“Those who can make you believe absurdities, can make you commit atrocities.” ... Voltaire

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In my opinion, a few of these recommendations are best suited for a person who is employed by a company with a well staffed IT department.  Some of these suggestions are not so good for the individual user.  For instance, I always use a local account.  If someone has physical access to your computer, a Microsoft account (even with 2 factor turned on) will not prevent them from full use of your computer.  In the mean time a MS account will allow Microsoft more access to your private data.  Did I mention that Microsoft's invasive (lack of) privacy policy was the final straw for me to move (almost) completely to another operating system?

Likewise, I feel that Bitlocker is more of a problem than a solution.  Data loss is a far larger concern that hard drive security.  Bitlocker will drastically complicate data recovery when a hard drive fails.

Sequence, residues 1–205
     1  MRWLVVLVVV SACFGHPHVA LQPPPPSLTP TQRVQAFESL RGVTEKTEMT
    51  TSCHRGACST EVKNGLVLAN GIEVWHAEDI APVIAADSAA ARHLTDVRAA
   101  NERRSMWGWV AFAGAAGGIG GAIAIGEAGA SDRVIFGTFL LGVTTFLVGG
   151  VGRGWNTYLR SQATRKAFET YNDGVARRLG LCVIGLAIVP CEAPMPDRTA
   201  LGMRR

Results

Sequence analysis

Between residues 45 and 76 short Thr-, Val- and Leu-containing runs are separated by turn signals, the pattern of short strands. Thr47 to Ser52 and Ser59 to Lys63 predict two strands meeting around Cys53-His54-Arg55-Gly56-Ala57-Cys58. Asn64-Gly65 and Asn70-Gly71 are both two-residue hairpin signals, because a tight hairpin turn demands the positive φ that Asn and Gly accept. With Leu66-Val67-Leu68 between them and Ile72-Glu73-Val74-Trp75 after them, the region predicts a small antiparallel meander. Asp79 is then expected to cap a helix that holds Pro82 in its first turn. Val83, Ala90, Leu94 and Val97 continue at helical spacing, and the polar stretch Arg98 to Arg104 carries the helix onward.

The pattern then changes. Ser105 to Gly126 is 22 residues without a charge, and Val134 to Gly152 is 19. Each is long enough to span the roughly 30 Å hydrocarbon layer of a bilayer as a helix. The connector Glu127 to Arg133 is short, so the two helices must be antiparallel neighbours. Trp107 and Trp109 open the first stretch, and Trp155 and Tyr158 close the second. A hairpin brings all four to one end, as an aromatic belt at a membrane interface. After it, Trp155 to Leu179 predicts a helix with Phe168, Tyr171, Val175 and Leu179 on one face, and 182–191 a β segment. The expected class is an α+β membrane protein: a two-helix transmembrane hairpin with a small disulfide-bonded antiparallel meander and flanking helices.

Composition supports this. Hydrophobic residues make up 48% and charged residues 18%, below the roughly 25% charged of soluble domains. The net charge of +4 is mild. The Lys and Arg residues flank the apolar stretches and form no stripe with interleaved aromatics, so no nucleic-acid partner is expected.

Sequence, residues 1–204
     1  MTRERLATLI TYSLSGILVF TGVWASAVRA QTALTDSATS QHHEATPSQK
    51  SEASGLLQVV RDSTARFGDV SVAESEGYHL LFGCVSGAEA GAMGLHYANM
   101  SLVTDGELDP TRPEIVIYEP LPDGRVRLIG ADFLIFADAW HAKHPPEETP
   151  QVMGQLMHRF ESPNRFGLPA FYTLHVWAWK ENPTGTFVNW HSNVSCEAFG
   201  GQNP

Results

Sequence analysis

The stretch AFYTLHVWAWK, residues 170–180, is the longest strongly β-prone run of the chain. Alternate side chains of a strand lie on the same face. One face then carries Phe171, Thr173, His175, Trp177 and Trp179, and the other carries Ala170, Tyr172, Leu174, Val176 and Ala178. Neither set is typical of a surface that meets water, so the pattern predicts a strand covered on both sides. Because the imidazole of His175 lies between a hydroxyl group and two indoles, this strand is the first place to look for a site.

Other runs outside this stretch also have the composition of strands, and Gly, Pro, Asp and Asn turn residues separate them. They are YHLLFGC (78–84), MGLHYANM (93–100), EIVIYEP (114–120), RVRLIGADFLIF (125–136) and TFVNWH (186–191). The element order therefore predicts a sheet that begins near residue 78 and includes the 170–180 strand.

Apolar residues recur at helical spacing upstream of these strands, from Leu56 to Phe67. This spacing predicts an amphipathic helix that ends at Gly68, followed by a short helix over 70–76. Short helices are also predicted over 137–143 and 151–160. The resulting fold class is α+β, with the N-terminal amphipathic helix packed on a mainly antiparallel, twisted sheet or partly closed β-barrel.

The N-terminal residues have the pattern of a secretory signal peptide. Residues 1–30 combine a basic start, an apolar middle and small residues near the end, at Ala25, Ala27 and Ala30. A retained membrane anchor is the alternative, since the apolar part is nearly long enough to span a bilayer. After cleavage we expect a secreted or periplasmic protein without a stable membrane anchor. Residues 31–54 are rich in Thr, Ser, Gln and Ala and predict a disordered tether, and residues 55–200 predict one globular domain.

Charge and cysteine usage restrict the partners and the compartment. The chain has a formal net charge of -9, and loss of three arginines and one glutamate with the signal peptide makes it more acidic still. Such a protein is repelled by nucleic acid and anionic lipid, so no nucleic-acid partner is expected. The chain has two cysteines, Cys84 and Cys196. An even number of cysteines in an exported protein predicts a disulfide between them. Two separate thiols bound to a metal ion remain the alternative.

Connecting other accounts to your MS account is a single point of failure.  Doing this is convenient, but can allow malware access to your other accounts as well.  You certainly do not want some bad actor having access to your email account.  That is a recipe for disaster.   I can just see them logging into your bank or credit card and saying "I forgot my password.  Please send a reset link to my email".

I believe the best practice is to make frequent backups of your important data, maintain physical control of your computer, and concentrate your security efforts to online activities where you are the most vulnerable.  All of my personal, sensitive, private data resides on one computer that never leaves my house or RV.  I have a second laptop that has NO personal or private data on it that I can take to the clubhouse or wherever.